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Charles Peck
Professor of Computer Science

Contact Info

Campus Mail
Drawer 98



214 Center for Science and Technology

Office Hours
Generally available when not teaching class.


  • Computer Science
  • Environmental Science


  • Ph.D., Union Institute & University
  • B.A., Earlham College

Selected Courses:

  • The Beauty and Joy of Computing  Programming and Problem Solving (aka CS1) 
  • Computer Science in the Field (May Term) 
  • Parallel and Distributed Computing 
  • Computational Science (with Michael Lerner) 
  • BioInformatics (with Chris Smith)

Parallel and distributed computing, computational science, bioinformatics, visualization of scientific data, expeditionary science, hardware/software systems, technology for disaster preparation and response, technology for sustainable energy production and conservation.

co-PI of the LittleFe project, an inexpensive educational appliance for parallel and distributed computing, http://LittleFe.net 

co-PI of the Bootable Cluster CD (BCCD) project, http://BCCD.net

co-PI of the Cluster Computing Group, http://cluster.earlham.edu

  • IEEE (CS)  
  • SuperComputing (SC) Conference - Education and Outreach 

In the Summer of 2017, Charlie Peck led a research group of nine students and three faculty members from Earlham that gathered on the ashy black gravel at the base of Sólheimajökull, a glacial finger that extends 15 kilometers from Mýrdalsjökull, an ice cap in southern Iceland. They were eager to start their climb, but first had to learn to walk. Read more at Iceland May Term: Truth In the Ice.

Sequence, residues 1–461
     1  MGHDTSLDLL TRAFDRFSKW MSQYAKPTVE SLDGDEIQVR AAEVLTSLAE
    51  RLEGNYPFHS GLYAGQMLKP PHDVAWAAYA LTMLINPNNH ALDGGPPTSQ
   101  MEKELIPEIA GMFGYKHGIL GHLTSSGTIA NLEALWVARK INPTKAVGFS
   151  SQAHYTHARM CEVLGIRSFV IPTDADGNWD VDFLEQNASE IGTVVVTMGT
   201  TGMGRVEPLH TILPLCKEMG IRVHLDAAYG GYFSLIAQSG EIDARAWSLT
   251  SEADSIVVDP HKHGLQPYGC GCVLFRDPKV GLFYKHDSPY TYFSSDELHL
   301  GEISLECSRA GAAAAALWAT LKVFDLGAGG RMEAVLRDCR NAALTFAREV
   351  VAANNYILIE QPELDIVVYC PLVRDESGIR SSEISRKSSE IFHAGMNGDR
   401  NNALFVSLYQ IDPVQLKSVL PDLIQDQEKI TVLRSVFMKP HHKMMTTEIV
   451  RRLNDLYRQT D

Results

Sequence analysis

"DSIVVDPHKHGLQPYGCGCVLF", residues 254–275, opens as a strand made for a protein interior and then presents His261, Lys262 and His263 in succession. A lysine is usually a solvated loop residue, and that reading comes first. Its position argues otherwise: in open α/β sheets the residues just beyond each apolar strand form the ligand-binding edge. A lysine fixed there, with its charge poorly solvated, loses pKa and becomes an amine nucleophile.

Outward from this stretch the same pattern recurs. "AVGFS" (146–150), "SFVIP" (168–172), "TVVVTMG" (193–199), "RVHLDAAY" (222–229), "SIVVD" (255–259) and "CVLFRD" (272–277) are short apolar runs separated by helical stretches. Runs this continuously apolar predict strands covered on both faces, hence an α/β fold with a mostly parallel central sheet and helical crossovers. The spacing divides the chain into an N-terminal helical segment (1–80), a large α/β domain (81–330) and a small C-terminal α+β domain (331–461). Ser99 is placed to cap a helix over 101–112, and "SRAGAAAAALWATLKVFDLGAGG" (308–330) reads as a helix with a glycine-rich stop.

In the Spring of 2012 Charlie Peck (faculty), Ivan Babic (EC ‘13), Kristin Muterspaw (EC ‘15), Elena Sergienko (EC ‘14), and Tristan Wright (EC ‘13) agreed to support a group of geology and chemistry faculty and students as they worked in the field collecting geocoded environmental parameters and soil, water, and gas samples. Over the course of the next 14 months we designed, built, and deployed a series of open/commodity geocoded sensor platforms for atmospheric, soil, water, and gas parameters. This culminated in July of 2013 with a month of field testing working with the geologists, chemists, and their students in Iceland as they explored lava tubes, continental rifts, glaciers, and (dormant) volcanoes. Alongside this we examined environmental microbial communities, sampling soil and water in a variety of locations across Iceland and extracting the microbial DNA for analysis. Quite serendipitously we were presented with the opportunity to take samples at a small archeological dig at Skalanes, a small research station on an Eastern peninsula. These samples will be analyzed with an eye towards learning which animals early Icelandic people domesticated.  http://eciceland2013.wordpress.com

I recently taught Science, Technology and Society while leading Earlham's England program.  We were living in London, which provides an incredibly rich environment for place-based learning of this material. Our lab on latitude and longitude was done in Greenwich, the evolution unit included looking at the fossils Darwin collected on the Beagle's journey (now housed at the Natural History Museum), and our venture into computing included a lab at Bletchley Park. One of the "hidden" science treasures we took advantage of were talks at the Royal Society, the Geological Society, the Linnean Society, and the Dana Centre.  http://ecengland2011.wordpress.com

Volunteer fire and EMS, gardening, cooking, travel.



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